Charles-Marie de la Condamine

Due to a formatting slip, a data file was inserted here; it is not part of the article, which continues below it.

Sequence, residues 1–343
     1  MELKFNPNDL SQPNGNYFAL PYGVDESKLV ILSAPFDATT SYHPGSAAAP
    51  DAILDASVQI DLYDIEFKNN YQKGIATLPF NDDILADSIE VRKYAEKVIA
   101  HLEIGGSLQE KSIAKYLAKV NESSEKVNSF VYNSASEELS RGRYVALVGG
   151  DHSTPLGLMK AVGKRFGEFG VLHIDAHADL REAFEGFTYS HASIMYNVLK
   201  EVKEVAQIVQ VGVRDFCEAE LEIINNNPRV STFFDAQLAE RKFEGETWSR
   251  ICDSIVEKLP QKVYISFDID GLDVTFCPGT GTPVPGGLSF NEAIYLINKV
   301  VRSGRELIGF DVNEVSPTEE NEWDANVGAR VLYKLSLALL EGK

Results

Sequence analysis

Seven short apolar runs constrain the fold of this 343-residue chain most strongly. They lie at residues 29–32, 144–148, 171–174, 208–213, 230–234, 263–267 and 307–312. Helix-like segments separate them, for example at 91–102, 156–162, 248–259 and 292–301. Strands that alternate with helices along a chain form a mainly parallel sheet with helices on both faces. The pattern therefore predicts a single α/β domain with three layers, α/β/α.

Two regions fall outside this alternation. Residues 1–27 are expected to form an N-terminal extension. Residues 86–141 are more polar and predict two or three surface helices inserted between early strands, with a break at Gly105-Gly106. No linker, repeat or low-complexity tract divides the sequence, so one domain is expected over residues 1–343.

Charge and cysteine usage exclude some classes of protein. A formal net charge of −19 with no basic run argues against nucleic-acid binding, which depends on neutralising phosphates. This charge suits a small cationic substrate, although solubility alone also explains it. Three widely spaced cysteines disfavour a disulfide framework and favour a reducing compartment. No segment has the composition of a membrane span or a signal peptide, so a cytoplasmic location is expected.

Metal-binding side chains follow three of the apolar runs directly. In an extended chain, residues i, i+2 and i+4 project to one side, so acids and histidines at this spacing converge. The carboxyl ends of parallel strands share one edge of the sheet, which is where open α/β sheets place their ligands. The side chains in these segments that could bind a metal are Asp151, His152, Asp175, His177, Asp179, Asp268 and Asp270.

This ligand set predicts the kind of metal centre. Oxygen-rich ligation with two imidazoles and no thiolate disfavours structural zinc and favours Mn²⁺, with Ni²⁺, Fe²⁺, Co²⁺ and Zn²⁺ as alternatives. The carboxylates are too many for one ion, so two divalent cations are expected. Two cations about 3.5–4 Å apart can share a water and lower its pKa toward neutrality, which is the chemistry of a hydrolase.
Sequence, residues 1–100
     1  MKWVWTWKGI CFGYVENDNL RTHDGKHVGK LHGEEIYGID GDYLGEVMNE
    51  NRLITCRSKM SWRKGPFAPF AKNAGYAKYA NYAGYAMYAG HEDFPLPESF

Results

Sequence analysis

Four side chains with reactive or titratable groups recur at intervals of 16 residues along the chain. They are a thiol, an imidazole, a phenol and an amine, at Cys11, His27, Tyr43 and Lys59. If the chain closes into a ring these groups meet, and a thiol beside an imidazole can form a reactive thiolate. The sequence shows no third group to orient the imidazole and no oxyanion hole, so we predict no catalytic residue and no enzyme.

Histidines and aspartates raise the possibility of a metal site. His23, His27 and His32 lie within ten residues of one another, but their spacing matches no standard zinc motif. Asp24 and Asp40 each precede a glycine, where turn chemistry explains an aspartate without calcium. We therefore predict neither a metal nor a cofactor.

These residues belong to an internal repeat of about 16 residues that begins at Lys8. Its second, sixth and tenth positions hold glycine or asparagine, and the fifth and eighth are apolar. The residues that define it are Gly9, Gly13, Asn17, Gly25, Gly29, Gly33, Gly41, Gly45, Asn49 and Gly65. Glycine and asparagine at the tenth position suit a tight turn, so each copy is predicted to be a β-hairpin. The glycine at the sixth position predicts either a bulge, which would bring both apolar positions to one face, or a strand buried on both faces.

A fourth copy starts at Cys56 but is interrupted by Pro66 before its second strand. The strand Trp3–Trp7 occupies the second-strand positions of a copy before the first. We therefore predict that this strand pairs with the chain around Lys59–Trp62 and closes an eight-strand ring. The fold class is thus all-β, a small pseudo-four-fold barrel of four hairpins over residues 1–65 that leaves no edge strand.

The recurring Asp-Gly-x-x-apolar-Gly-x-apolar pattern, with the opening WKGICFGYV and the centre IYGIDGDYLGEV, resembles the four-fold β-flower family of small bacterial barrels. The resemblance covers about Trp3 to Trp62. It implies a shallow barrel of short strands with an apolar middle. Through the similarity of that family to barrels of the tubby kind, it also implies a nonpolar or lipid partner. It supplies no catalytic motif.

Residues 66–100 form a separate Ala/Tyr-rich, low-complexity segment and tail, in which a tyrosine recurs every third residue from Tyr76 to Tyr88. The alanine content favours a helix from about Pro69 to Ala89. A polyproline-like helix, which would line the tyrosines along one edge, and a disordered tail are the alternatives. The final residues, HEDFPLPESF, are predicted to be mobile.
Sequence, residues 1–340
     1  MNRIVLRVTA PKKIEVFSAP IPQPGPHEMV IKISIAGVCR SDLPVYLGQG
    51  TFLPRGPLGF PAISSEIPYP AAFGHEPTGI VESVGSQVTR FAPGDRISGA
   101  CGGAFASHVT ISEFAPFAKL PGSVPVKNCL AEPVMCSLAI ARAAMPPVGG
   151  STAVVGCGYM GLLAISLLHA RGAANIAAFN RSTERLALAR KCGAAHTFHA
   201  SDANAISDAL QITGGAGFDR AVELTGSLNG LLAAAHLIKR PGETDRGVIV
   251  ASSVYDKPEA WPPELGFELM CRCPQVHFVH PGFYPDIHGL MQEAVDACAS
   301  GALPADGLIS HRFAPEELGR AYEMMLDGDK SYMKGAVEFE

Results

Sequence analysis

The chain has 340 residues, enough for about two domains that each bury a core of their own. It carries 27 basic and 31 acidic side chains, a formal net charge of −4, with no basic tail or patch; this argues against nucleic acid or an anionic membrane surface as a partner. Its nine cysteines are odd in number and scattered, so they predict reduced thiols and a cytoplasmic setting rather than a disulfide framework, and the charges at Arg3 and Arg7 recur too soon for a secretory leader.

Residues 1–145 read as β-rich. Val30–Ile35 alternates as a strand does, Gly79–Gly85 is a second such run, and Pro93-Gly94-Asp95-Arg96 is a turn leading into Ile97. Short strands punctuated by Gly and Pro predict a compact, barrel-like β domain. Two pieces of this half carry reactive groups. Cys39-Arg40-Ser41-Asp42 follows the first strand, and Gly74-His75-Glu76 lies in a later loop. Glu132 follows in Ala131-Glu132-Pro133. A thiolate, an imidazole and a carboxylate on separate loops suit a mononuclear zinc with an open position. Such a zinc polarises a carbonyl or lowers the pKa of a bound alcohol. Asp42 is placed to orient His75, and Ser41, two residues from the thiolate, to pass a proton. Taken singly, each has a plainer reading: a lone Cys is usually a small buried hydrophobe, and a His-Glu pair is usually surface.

Explorer and physicist, b. at Paris, 28 January, 1701; d. there 4 February, 1774. After a brief military career he turned to scientific pursuits and explored the coasts of Africa and Asia Minor on the Mediterranean. In 1735, he was selected to direct an expedition to the equatorial regions of South America in order to determine the form of the earth by measuring a meridian and thus establishing the flattening of our globe towards the poles. His companions were Pierre Bouguer and Louis Godin des Odonais. Two officers of the Spanish marine, Jorge Juan and Antonio de Ulloa, represented the Government of Spain on the voyage and also made independent observations in the interior. Condamine went to Ecuador and there began his labours, making a fairly accurate triangulation of the mountainous parts and the western sections of Ecuador. On this occasion he discovered that tall mountains deflect the pendulum by their attraction. He remained eight years in South America, then returned to France, where he was chosen member of the Academy of Sciences and of the French Academy and received the cross of Saint Lazarus. While Condamine on account of his ambition and inclination to controversy was a disagreeable character, as an explorer and physicist he stands very high. The topographical work performed by him or under his direction suffered from the relative imperfections of the instruments in use in his time, but the results obtained were astonishing. Not only in physiography and physical geography, but in other branches also his expedition opened a new perspective to investigation. It was the starting point for more extensive explorations of tropical America. The countries he visited became and remained thereafter, classical ground in the annals of natural science. It is claimed that he introduced caoutchouc into Europe, and he also tried to introduce inoculation for smallpox in France.
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